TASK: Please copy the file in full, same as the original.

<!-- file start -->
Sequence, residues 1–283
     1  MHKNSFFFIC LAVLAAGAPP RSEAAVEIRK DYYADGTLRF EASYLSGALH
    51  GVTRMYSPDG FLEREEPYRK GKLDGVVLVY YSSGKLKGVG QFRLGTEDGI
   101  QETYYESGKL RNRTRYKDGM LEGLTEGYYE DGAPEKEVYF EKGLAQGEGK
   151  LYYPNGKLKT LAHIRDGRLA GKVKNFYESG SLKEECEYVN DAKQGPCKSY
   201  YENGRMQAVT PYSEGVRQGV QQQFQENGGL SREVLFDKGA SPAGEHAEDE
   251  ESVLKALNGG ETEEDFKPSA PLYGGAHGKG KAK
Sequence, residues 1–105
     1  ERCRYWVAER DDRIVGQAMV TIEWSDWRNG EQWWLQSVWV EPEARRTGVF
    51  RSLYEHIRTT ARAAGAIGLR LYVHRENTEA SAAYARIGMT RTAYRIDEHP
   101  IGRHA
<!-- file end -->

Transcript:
Sequence, residues 1–283
     1  MHKNSFFFIC LAVLAAGAPP RSEAAVEIRK DYYADGTLRF EASYLSGALH
    51  GVTRMYSPDG FLEREEPYRK GKLDGVVLVY YSSGKLKGVG QFRLGTEDGI
   101  QETYYESGKL RNRTRYKDGM LEGLTEGYYE DGAPEKEVYF EKGLAQGEGK
   151  LYYPNGKLKT LAHIRDGRLA GKVKNFYESG SLKEECEYVN DAKQGPCKSY
   201  YENGRMQAVT PYSEGVRQGV QQQFQENGGL SREVLFDKGA SPAGEHAEDE
   251  ESVLKALNGG ETEEDFKPSA PLYGGAHGKG KAK
Sequence, residues 1–105
     1  ERCRYWVAER DDRIVGQAMV TIEWSDWRNG EQWWLQSVWV EPEARRTGVF
    51  RSLYEHIRTT ARAAGAIGLR LYVHRENTEA SAAYARIGMT RTAYRIDEHP
   101  IGRHA